Some Concluding Thoughts on Masechet Yoma

Masechet Yoma deals almost exclusively with mitzvoth between man and G-d. Most of the tractate painstakingly records the intricate details of the special Temple service carried out on Yom Kippur. The few pages that are left focus primarily on the parameters of the mitzvah to "afflict our souls". Only at the very last Mishnah in Yoma  do we finally hear anything about the power of teshuva and the importance of mitzvoth between man and man.

Yoma 77: Swimming on Yom Kippur

“Our Sages compared the (positive) mitzvoth in the Torah to the limbs of the body and (the negative) to the days of the year” (Makkot 23b). No limb in the body operates independently. Rather, each is part of a larger system, with a defect in one part of the body impacting on others. So, too, mitzvoth are part of a broader system of morals, and no mitzvah exists in isolation. In rendering psak halacha, practical rulings, one must take into account not only the technical issues involved in any given mitzvah, but the impact on the system as a whole.

Yoma 75: The Penalty Box

One of the most challenging roles for a parent or teacher is to figure out how to administer discipline that it fair, effective, and meaningful. The goal of such should be not to punish, but to educate and elevate. But alas, such is not a simple task, and it's most difficult to get it right.  And if such is difficult when we have the best of intentions, it is impossible when our goal is to punish or get even.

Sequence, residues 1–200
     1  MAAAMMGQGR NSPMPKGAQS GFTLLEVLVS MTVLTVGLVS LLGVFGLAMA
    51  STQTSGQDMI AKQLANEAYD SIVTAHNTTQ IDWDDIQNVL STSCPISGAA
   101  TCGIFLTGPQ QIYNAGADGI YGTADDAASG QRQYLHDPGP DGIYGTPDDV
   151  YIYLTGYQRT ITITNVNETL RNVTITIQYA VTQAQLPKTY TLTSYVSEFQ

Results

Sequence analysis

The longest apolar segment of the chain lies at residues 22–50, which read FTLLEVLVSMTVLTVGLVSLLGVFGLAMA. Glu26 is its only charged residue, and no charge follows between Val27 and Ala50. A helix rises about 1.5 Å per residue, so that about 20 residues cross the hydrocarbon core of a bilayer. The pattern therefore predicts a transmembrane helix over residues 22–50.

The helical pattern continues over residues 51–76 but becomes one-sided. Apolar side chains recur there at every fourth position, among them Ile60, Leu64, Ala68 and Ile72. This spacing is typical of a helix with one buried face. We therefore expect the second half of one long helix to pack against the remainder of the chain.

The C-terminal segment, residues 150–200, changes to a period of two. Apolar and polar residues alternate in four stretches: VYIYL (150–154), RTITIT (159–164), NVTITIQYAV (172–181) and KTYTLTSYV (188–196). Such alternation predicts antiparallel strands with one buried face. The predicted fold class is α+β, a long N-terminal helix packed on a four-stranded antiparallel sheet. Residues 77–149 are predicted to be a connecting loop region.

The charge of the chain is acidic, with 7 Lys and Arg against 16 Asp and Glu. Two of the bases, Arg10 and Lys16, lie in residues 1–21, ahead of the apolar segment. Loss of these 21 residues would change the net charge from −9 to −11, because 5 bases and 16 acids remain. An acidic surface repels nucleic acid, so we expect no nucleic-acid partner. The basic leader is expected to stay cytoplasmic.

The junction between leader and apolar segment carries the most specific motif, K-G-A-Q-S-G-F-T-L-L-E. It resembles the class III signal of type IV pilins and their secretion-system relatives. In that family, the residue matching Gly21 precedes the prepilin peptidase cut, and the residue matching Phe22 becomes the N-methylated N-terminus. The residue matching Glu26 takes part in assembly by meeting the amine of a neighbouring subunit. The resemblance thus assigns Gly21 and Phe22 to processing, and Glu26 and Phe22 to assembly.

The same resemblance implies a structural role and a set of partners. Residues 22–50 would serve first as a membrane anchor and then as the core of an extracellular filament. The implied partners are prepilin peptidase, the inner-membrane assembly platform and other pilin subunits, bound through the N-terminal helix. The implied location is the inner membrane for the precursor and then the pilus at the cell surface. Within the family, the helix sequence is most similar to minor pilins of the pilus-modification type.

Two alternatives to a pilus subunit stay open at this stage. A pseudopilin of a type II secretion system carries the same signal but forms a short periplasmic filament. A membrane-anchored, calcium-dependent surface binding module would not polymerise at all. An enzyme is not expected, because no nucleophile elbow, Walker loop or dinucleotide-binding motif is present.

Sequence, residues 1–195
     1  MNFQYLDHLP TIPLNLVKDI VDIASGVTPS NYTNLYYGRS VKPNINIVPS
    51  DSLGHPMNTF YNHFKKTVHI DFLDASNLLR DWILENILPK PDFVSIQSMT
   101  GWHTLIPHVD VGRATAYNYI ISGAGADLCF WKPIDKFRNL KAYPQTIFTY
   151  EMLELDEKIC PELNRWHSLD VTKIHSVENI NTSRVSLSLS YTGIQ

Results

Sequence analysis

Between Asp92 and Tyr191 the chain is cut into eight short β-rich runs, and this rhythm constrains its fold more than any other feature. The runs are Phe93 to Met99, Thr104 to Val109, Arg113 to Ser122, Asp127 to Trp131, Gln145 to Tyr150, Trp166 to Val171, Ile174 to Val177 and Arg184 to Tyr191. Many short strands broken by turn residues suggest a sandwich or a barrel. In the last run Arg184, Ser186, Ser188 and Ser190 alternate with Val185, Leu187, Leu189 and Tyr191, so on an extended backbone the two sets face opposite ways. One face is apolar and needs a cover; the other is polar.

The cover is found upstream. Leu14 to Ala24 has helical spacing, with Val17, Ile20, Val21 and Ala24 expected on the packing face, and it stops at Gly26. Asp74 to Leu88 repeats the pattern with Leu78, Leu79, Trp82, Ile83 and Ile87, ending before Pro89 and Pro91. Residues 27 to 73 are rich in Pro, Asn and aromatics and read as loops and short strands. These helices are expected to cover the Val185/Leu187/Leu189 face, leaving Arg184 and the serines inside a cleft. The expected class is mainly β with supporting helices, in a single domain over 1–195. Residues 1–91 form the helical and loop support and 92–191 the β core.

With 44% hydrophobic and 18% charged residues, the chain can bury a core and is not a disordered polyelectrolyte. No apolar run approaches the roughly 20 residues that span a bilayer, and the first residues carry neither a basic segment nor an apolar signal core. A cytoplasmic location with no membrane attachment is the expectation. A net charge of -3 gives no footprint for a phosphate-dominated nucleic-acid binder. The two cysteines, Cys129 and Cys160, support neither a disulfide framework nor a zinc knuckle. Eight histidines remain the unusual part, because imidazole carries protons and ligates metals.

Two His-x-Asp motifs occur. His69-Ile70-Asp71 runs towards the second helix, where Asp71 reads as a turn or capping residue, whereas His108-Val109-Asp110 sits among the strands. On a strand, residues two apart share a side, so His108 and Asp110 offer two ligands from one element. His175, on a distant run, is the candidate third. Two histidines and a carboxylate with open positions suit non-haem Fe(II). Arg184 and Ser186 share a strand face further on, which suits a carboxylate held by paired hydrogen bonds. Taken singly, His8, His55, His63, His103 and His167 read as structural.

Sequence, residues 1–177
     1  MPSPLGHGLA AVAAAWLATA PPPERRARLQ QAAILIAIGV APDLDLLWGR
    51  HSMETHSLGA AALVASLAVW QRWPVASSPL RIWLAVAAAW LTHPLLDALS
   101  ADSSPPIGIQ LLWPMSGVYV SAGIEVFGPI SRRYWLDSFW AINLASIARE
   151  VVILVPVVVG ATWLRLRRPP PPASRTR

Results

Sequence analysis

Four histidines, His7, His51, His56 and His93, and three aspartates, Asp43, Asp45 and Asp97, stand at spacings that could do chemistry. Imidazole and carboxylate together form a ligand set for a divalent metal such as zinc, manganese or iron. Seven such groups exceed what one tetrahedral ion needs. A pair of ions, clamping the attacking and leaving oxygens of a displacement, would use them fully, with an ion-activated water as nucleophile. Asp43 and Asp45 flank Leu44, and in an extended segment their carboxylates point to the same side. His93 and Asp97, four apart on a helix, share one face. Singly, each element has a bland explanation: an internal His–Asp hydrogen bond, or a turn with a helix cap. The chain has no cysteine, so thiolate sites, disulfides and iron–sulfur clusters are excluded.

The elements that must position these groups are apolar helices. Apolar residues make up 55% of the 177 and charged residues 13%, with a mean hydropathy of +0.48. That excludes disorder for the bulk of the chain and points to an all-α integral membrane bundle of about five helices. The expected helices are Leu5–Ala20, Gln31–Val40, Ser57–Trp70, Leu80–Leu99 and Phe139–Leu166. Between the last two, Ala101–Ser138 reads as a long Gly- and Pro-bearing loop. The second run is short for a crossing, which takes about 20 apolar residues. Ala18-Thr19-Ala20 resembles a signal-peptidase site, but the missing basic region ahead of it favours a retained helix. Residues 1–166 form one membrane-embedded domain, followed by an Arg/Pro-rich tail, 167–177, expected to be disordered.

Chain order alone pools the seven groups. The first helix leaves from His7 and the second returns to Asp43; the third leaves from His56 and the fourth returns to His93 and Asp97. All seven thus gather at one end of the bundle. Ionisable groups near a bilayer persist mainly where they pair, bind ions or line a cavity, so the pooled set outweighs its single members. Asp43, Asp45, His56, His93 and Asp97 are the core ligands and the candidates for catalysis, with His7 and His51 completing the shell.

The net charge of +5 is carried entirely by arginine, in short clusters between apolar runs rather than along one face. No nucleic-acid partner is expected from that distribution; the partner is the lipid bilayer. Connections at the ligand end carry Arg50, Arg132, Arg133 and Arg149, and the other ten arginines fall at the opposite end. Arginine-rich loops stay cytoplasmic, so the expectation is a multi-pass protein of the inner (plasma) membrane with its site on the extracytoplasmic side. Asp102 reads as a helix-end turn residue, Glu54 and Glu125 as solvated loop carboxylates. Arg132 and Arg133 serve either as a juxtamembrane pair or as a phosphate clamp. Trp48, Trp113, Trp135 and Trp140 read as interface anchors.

Yoma 70: Don't Waste My Time

Torah reading as we know it today is a rabbinic innovation, beginning with Moshe Rabbeinu who--in his rabbinic role (as opposed to his role as transmitter of the Divine Torah)--ordained that we must read the Torah on Shabbat, Mondays, and Thursdays. Ezra--who, the Talmud declares, was worthy to have the Torah given through him, but Moshe beat him to it (Sanhedrin 21b)--added the requirement to read it on Shabbat afternoons, and added the system of aliyot we have today (Bava Kama 82a).

Yoma 66a: Barbers in the Temple

"Everybody is eligible to walk it, but the kohanim made a permanent rule not to let an Israelite walk it" (Yoma 66a). The kohen gadol, hands resting on the sa'ir la-azazel, would say vidui, pleading for forgiveness for the sins of the Jewish people, at which point the goat would be led away la-azazel. Leading the goat out of the Temple and into the desert was apparently an act devoid of any special sanctity and hence, could be done by anyone, including non-kohanim.

Yoma 66: Between the Lines

One of great and tragic figures in our Talmudic corpus is that of Rabbi Eliezer ben Hyrkanus. Hailed by his teacher, Rabbi Yochanan ben Zackai, as a “cemented cistern that does not lose one drop”, his greatness was such that “if all the scholars of Israel would be on side of the scale and Eliezer ben Hyrkanus  on the other, he would weigh them all down” (Avot 2:8).


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